Greg Stump, the legendary ski filmmaker known for 1988's "The Blizzard of Aahhh's" returns to the industry with a documentary about the progression of ski films. He will host "Legend of Aahhh's" and "Blizzard" at 6:30 p.m. Friday in Steamboat Springs at a fundraiser for the Chief Theater.

Courtesy photo

Greg Stump, the legendary ski filmmaker known for 1988's "The Blizzard of Aahhh's" returns to the industry with a documentary about the progression of ski films. He will host "Legend of Aahhh's" and "Blizzard" at 6:30 p.m. Friday in Steamboat Springs at a fundraiser for the Chief Theater.

Steamboat Mountain Film Festival brings legends to life at Chief Theater

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Past Event

Steamboat Mountain Film Festival: Matchstick Productions, Standard Films and Greg Stump

  • Friday, November 16, 2012, 6 p.m.
  • Chief Theater, 813 Lincoln Avenue, Steamboat Springs
  • All ages / $10

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— It was more than 20 years ago that Greg Stump changed the way the world saw skiing with “The Blizzard of Aahhh’s.” He filmed a new skiing revolution, and it was neon onesies, mohawks and a new generation of extreme skiing heroes doing things on snow that pushed the progression of the sport.

Now, 13 years after his most recent film, the ski filmmaker’s return to the big screen is an autobiographical retrospective into the ever-evolving world of action sports films.

“Legend of Aahhh’s” will screen at the annual Steamboat Mountain Film Festival, which kicks off at 6 p.m. with Standard Films' “2112” snowboard movie, followed by Stump’s film and Matchstick Productions’ “Superheroes of Stoke.”

Michael Martin, director of the ski business program at Colorado Mountain College and the founder of the film festival, said he watched Stump’s movies daily as a kid. Stump was an inspiration for Martin to start making his own ski films.

“It was the fact that he tied a really great story into his films,” Martin said. “Especially at that time, he was the first one that focused on creating the characters of the skiers and brought them to the forefront. And he was the first to sort of use modern music. You could point to that point as when ski movies and eventually snowboard films changed to the current format.”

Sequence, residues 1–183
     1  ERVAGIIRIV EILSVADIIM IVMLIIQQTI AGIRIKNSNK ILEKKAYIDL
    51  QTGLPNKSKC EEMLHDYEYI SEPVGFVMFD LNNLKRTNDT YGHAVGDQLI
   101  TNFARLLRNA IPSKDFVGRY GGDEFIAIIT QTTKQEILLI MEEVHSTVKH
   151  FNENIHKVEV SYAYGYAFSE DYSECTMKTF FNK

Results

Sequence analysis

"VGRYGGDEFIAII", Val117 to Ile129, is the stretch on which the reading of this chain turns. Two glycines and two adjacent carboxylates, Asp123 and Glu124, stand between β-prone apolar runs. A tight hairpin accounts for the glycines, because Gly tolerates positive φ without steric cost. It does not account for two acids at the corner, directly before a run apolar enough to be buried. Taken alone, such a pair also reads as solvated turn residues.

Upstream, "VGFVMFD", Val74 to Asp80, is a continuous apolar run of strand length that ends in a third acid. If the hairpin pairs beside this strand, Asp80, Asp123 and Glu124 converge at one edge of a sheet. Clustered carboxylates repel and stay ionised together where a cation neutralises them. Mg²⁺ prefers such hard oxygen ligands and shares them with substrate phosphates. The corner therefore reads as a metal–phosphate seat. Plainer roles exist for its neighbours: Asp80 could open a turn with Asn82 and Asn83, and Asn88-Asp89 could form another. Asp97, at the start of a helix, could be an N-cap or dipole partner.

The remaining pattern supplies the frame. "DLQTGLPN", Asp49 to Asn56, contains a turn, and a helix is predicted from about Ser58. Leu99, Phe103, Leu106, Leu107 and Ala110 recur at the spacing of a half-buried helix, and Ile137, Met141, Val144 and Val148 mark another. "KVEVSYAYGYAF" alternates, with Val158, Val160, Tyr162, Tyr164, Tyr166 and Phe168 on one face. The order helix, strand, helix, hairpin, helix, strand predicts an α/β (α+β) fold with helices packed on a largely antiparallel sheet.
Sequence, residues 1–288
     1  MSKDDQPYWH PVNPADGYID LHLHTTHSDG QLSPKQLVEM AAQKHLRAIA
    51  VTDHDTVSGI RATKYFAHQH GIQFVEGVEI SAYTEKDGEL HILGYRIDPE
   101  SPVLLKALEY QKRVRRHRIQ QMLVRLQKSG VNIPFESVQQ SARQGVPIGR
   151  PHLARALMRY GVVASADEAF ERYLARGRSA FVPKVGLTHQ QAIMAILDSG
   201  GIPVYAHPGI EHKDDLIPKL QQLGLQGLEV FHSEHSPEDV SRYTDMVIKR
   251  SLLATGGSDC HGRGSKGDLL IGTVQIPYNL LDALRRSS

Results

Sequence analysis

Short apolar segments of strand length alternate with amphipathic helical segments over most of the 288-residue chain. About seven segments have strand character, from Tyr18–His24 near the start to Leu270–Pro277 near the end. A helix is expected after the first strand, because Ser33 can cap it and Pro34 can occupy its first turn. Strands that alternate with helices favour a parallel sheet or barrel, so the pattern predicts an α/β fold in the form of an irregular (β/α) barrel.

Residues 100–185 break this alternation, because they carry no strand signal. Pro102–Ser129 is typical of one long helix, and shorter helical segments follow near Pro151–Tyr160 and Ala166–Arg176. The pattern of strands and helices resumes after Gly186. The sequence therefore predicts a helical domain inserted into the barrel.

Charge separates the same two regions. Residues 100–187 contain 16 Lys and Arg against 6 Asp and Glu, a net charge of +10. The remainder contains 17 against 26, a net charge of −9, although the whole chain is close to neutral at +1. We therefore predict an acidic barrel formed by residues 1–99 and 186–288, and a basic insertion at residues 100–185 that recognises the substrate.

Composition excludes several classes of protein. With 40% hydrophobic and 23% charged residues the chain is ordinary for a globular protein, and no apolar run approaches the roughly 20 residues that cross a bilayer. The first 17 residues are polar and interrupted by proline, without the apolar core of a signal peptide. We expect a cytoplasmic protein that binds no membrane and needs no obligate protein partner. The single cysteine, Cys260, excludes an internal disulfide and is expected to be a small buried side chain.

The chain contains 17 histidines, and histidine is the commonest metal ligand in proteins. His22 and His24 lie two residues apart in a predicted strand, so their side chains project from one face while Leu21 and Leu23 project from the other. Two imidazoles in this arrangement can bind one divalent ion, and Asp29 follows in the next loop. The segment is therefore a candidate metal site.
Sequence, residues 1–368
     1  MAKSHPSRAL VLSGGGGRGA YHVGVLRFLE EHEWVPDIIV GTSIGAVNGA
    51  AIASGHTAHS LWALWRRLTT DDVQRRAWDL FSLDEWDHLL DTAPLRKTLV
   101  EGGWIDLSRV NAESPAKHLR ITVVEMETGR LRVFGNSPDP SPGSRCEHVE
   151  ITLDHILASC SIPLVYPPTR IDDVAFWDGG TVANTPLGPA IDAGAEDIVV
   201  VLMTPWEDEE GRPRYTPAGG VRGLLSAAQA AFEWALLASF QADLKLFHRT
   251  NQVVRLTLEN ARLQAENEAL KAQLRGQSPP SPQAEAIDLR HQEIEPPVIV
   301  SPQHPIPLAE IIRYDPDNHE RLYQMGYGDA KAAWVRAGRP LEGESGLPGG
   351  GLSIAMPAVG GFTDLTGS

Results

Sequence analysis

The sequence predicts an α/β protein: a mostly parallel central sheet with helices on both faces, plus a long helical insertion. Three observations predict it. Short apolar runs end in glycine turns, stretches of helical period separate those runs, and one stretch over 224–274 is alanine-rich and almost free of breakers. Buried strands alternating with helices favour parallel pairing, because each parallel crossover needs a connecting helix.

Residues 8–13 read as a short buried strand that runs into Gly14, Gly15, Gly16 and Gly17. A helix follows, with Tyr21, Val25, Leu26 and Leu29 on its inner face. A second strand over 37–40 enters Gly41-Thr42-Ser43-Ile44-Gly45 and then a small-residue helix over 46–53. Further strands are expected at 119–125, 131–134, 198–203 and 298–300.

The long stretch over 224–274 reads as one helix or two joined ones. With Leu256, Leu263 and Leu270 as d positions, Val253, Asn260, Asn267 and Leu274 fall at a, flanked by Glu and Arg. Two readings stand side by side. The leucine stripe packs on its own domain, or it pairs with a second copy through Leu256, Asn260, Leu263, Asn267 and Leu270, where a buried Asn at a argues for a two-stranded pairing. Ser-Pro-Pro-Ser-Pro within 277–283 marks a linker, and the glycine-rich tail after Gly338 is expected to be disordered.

But Stump’s return is not the only homecoming at Friday’s Steamboat Mountain Film Festival. The venue housing the three ski and snowboard films is the Chief Theater, which in recent years has been a commercial movie theater but has its roots as a community performing arts and music venue.

This will be the first event in the Chief Theater since it was purchased by the nonprofit Friends of the Chief, an organization that plans to revive and renovate the venue in coming years.

“It’s just cool to be the first event there," Martin said. "We’re very excited to be pioneering this. As longtime locals in Steamboat, we’ve always wanted to have a downtown venue like that to support the local aspect.”

On Friday, the venue will look relatively the same as it did when it was a movie theater. There’s only room for 150 people in the two theaters, so tickets will be limited. Tickets are $10 and can be purchased online at www.steamboatfilmfestival.com and at Ski Haus.

Martin and his crew plan to screen the films simultaneously in the two separate theaters, and a bar will be set up in the concession stand area.

Friends of the Chief board member and volunteer Valerie Stafford said Thursday that while there might not be many visible changes inside the venue, a change of attitude and a vision for the future will be apparent.

“We’re just trying to keep the theater active,” Stafford said. “I think we’re just excited about bringing an activity to the space and having a place for art to be showcased.”

2112

Legend of Aahhh's

Superheroes of Stoke

To reach Nicole Inglis, call 970-871-4204 or email ninglis@ExploreSteamboat.com

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